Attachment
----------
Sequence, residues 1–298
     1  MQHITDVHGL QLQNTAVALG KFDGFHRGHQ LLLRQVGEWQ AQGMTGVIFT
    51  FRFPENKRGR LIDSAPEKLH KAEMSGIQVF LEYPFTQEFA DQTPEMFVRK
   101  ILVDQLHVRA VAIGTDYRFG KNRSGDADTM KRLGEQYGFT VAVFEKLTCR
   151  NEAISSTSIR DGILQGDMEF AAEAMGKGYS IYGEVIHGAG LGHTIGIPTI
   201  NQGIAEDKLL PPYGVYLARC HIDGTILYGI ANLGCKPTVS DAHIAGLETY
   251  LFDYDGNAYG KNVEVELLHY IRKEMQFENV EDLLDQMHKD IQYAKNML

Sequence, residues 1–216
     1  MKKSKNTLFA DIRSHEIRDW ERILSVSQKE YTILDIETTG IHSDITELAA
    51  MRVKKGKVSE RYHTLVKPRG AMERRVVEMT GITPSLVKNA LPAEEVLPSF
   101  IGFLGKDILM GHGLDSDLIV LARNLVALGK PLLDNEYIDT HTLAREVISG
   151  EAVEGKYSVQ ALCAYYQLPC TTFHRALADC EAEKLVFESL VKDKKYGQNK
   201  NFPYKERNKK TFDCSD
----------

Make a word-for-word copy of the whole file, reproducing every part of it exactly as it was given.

Sequence, residues 1–298
     1  MQHITDVHGL QLQNTAVALG KFDGFHRGHQ LLLRQVGEWQ AQGMTGVIFT
    51  FRFPENKRGR LIDSAPEKLH KAEMSGIQVF LEYPFTQEFA DQTPEMFVRK
   101  ILVDQLHVRA VAIGTDYRFG KNRSGDADTM KRLGEQYGFT VAVFEKLTCR
   151  NEAISSTSIR DGILQGDMEF AAEAMGKGYS IYGEVIHGAG LGHTIGIPTI
   201  NQGIAEDKLL PPYGVYLARC HIDGTILYGI ANLGCKPTVS DAHIAGLETY
   251  LFDYDGNAYG KNVEVELLHY IRKEMQFENV EDLLDQMHKD IQYAKNML

Sequence, residues 1–216
     1  MKKSKNTLFA DIRSHEIRDW ERILSVSQKE YTILDIETTG IHSDITELAA
    51  MRVKKGKVSE RYHTLVKPRG AMERRVVEMT GITPSLVKNA LPAEEVLPSF
   101  IGFLGKDILM GHGLDSDLIV LARNLVALGK PLLDNEYIDT HTLAREVISG
   151  EAVEGKYSVQ ALCAYYQLPC TTFHRALADC EAEKLVFESL VKDKKYGQNK
   201  NFPYKERNKK TFDCSD